February 27, 2019

* While "Lil D" didn't make an appearance in the gallery at the State of the Union Address, Bastrop Federal Satellite Camp had its first inmate immediately released because of the First Step Act this month. He had been serving a long sentence because of the sentencing disparity related to crack cocaine. That disparity going forward was changed in 2007 with the Second Chance Act, when Congress finally acknowledged the little secret of what some would call an obvious racial bias that made sentencing for crack cocaine 100 times harsher than regular cocaine. The First Step Act rightly made those 2007 sentencing changes retroactive. These immediate releases are happening because they occur pursuant to actions in the federal court system where the Bureau of Prisons can't drag its feet. Any sentence reductions that require the BOP to do anything won't happen anytime soon.

* Jordan Peterson's 12 Rules For Life is an excellent read. Rule #3 is "Make Friends With People Who Want The Best For You....

February 22, 2019

While going to Baylor University in the mid 1970's and then living in Waco, Texas, until 2015, I've heard more than my share of preacher boys and even a few preacher girls preach their first sermon. Some of those experiences were quite remarkable, while some were downright scary.

In chapter 4 of the gospel of Luke, we can read about Jesus' first recorded sermon. It occurred after his temptation in the wilderness. Returning tired and hungry to his boyhood home of Nazareth, he went to the synagogue on the Sabbath and read from the scroll that contained the words of the prophet Isaiah. As translated by the New International Version, this is what he read:

The spirit of the Lord is on me,
    because he has anointed me
    to preach good news to the poor.
He has sent me to proclaim freedom
    for the prisoners
    and recovery of sight for the blind,
    to release the oppressed,
    to proclaim the year of the Lord's favor.

When he finished, he rolled up the scr...

February 17, 2019

Walton would have been 32 years old tomorrow. I still can't help but think "what if?", wondering what he would be doing were he still walking this earth instead of frozen in earthly time at age 27.

The poet David Whyte wrote a beautiful prayer for his deceased friend. Part of it reminded me of my precious baby boy, as I also wonder, not what if, but what he's actually now doing, learning, feeling. Whyte's words are quoted below.

"...we who imagine you here in some other parallel, and who knew and loved your anxious wish to share with us your vision, feel sure to chance a prayer that you are happy now and still stand with us on this same mountain, in good and knowing company, and that somehow you have been met, and recognized and welcomed home, and that when they greeted you, the first thing out of their otherworldly mouths might have been this, that you had missed one thing and one thing only in your precious sight, and that was the simple knowledge that you were never alone, neither amo...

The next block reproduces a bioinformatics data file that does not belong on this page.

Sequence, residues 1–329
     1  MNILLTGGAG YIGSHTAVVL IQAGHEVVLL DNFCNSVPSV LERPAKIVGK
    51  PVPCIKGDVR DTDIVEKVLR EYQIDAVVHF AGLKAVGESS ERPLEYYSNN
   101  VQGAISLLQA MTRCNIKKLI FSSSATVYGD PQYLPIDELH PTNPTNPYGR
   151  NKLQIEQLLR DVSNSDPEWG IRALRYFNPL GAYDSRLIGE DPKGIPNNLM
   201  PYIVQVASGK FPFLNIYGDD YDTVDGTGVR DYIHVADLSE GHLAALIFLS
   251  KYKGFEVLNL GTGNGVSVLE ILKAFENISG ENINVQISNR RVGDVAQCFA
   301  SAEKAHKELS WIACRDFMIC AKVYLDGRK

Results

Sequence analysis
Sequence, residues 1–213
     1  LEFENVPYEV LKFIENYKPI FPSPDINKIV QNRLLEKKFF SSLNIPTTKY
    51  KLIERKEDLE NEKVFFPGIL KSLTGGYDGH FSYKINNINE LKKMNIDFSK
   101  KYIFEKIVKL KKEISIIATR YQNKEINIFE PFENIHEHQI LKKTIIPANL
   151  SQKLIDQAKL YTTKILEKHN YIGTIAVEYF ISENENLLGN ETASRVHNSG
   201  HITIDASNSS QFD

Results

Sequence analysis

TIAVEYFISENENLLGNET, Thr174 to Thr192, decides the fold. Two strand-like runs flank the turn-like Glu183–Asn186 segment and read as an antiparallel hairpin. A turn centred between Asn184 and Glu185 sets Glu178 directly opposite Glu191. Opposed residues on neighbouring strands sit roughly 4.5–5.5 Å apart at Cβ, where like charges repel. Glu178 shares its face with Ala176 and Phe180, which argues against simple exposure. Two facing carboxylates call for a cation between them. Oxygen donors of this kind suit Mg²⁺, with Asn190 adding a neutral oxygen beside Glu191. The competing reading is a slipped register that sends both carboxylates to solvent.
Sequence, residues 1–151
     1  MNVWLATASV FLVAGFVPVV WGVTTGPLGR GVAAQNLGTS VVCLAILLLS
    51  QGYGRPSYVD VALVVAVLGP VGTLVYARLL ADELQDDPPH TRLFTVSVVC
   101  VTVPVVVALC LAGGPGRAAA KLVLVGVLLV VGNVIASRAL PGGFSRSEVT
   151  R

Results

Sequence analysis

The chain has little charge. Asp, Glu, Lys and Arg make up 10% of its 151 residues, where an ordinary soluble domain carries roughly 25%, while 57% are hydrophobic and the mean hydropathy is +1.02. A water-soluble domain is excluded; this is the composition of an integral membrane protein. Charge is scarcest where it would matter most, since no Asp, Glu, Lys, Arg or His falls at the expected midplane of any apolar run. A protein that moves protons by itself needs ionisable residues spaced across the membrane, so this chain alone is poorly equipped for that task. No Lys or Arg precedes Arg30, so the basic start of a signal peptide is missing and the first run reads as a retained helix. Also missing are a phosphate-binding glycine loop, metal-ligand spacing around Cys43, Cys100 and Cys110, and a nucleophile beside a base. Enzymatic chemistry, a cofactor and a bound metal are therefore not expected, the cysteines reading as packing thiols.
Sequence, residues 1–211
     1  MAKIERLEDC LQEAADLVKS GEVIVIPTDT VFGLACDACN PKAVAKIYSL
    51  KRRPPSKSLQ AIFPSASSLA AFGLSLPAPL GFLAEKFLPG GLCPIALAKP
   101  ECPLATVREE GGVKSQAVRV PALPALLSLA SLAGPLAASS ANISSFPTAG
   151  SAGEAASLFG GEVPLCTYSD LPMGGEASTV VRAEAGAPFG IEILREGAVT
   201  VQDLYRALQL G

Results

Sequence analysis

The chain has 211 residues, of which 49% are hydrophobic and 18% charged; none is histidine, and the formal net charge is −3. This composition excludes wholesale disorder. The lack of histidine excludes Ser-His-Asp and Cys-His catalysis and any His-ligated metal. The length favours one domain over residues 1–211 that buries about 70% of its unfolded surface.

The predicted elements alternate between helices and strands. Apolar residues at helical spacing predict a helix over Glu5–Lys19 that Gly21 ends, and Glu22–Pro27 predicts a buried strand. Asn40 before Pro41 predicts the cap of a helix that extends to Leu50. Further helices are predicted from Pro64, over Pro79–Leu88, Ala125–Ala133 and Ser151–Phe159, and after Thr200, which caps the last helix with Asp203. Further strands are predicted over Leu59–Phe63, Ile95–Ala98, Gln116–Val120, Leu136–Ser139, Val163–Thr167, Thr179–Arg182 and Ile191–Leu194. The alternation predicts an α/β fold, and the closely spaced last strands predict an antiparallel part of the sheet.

February 12, 2019

Freddy is still gaining about 4 pounds each week and continues to amaze me with his intelligence and personality. He's to the point now in his development where I can take him wherever I go.

Our command of the month is Wait. It's the command that instructs him not to cross a threshold. To begin teaching it, we walk up to a doorway. When Freddy reaches the edge of the threshold, I turn in front of him to block his progress and tell him "Wait." Of course, when he waits, I praise him. Once he does this consistently, we work on it at greater distances while waiting for longer periods. When he's in service, he'll need to be able to wait on command at a doorway, on top of a table, at a curb or incline, in his kennel or at any threshold while up to a leash length away for someone who may confined to a wheelchair or have other mobility challenges.

Personally, I've never been good at waiting. I prefer immediate gratification. Thus the most difficult aspect of my "rehabilitation" here at Bastrop F...

February 7, 2019

I've seen the law of unintended consequences painfully played out countless times in politics, organizations of all types, and relationships. My latest encounter took place here at Bastrop Federal Satellite Camp. 

We all know that Texas weather can be extremely unpredictable. There's a constant conflict when southerly flowing cool air, arriving from the rocky mountains, collides with warm, moist air moving north from the Gulf of Mexico. This is particularly true in winter when afternoon temperatures can vary somewhere between 25 and 80 degrees. Heating and cooling in that environment can be challenging for anyone. With the body-heat generated by our current inmate population of 170 inmates living in a housing facility designed for 90-something, it's probable that the building will need to be cooled, not heated, at least part of almost every day, even in January and February.

Our saga began on the west side barrack, when some of our inmate geniuses broke the tamper-proof case protecting t...

February 2, 2019

Today is a glorious day because my daughter is getting married. Based on my security level, my conduct while here, and the time remaining of my sentence, I qualified for an un-escorted day furlough of up to 16 hours to be there. Unfortunately, it was not granted. This denial was personally devastating because there are few earthly joys that quite compare with walking my daughters down the aisle, believing that they made wise choices in the men they chose to marry.

Even so, I am grateful to be able to give my blessing to Lauren and Brandon and to share my hope and prayer that they experience all the joy, the love and the mutual fulfillment in their marriage that God desires for them.

Amen.

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© 2016 by Charles D. Jones